Thus, we would say that two different points, A and B, define a line and a decomposition of this line into the disjoint union of an open segment (A, B) and two rays, BC and AD (the point D is not drawn in the diagram, but is to the left of A on the line AB). These are not opposite rays since they have different initial points.
In Euclidean geometry two rays with a common endpoint form an angle.
The definition of a ray depends upon the notion of betweenness for points on a line. It follows that rays exist only for geometries for which this notion exists, typically Euclidean geometry or affine geometry over an ordered field. On the other hand, rays do not exist in projective geometry nor in a geometry over a non-ordered field, like the complex numbers or any finite field.
A line segment is a part of a line that is bounded by two distinct end points and contains every point on the line between its end points. Depending on how the line segment is defined, either of the two end points may or may not be part of the line segment. Two or more line segments may have some of the same relationships as lines, such as being parallel, intersecting, or skew, but unlike lines they may be none of these, if they are coplanar and either do not intersect or are collinear.
The "shortness" and "straightness" of a line, interpreted as the property that the distance along the line between any two of its points is minimized (see triangle inequality), can be generalized and leads to the concept of geodesics in metric spaces.
A circle is a shape consisting of all points in a plane that are at a given distance from a given point, the centre; equivalently it is the curve traced out by a point that moves in a plane so that its distance from a given point is constant. The distance between any point of the circle and the centre is called the radius. This article is about circles in Euclidean geometry, and, in particular, the Euclidean plane, except where otherwise noted.
In mathematics, the polar coordinate system is a two-dimensional coordinate system in which each point on a plane is determined by a distance from a reference point and an angle from a reference direction. The reference point is called the pole, and the ray from the pole in the reference direction is the polar axis. The distance from the pole is called the radial coordinate, radial distance or simply radius, and the angle is called the angular coordinate, polar angle, or azimuth. The radial coordinate is often denoted by r or ρ, and the angular coordinate by φ, θ, or t. Angles in polar notation are generally expressed in either degrees or radians.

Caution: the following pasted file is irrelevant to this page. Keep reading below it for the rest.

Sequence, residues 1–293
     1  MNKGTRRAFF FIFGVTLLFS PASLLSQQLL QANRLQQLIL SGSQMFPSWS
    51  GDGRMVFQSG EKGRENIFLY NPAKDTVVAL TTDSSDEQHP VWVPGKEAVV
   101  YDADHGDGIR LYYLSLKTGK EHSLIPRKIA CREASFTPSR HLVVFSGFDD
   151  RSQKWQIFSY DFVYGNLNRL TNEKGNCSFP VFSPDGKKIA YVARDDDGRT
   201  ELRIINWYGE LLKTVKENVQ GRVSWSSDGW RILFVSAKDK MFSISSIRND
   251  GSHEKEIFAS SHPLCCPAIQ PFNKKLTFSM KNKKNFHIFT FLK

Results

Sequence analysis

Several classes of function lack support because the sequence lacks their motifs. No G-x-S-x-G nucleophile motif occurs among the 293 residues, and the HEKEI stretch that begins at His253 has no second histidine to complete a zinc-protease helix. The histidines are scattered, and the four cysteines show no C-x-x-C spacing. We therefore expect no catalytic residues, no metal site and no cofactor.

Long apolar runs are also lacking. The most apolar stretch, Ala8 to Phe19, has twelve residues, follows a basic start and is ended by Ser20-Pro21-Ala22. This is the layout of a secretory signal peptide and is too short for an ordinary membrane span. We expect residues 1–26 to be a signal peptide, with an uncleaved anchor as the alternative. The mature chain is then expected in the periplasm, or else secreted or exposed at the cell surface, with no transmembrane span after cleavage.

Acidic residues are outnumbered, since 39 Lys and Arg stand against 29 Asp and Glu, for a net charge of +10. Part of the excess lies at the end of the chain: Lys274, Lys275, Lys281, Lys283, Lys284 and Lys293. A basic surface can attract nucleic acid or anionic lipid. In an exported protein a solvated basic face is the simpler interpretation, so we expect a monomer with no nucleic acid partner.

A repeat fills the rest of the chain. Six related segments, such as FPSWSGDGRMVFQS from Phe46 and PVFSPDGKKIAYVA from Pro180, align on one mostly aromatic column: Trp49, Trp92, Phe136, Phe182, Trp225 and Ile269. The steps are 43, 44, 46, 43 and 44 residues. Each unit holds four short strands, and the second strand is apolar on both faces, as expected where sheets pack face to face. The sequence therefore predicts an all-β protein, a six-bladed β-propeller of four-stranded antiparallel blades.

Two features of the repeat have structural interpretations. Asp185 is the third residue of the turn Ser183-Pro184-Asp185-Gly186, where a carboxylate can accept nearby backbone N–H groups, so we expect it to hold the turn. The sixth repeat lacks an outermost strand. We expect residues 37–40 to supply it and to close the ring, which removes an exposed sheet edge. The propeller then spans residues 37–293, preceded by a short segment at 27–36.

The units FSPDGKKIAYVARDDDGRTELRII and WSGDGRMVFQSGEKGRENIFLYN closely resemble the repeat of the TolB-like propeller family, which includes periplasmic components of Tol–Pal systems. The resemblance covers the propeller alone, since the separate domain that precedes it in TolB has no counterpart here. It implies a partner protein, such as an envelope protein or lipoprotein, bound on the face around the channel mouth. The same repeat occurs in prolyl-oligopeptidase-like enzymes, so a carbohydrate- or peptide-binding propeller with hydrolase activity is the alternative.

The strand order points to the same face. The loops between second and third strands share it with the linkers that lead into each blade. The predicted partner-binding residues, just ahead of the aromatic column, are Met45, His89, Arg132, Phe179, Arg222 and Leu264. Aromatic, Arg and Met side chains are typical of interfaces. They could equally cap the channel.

A sphere is a geometrical object in three-dimensional space that is the surface of a ball.
In mathematics, a spherical coordinate system is a coordinate system for three-dimensional space where the position of a point is specified by three numbers: the radial distance of that point from a fixed origin, its polar angle measured from a fixed zenith direction, and the azimuthal angle of its orthogonal projection on a reference plane that passes through the origin and is orthogonal to the zenith, measured from a fixed reference direction on that plane. It can be seen as the three-dimensional version of the polar coordinate system.
In mathematics and physics, Laplace's equation is a second-order partial differential equation named after Pierre-Simon Laplace who first studied its properties. This is often written as
In mathematics, an n-sphere is a topological space that is homeomorphic to a standardn-sphere, which is the set of points in (n + 1)-dimensional Euclidean space that are situated at a constant distance r from a fixed point, called the center. It is the generalization of an ordinary sphere in the ordinary three-dimensional space. The "radius" of a sphere is the constant distance of its points to the center. When the sphere has unit radius, it is usual to call it the unit n-sphere or simply the n-sphere for brevity. In terms of the standard norm, the n-sphere is defined as
A great circle, also known as an orthodrome, of a sphere is the intersection of the sphere and a plane that passes through the center point of the sphere. A great circle is the largest circle that can be drawn on any given sphere. Any diameter of any great circle coincides with a diameter of the sphere, and therefore all great circles have the same center and circumference as each other. This special case of a circle of a sphere is in opposition to a small circle, that is, the intersection of the sphere and a plane that does not pass through the center. Every circle in Euclidean 3-space is a great circle of exactly one sphere.
The Roman surface or Steiner surface is a self-intersecting mapping of the real projective plane into three-dimensional space, with an unusually high degree of symmetry. This mapping is not an immersion of the projective plane; however, the figure resulting from removing six singular points is one. Its name arises because it was discovered by Jakob Steiner when he was in Rome in 1844.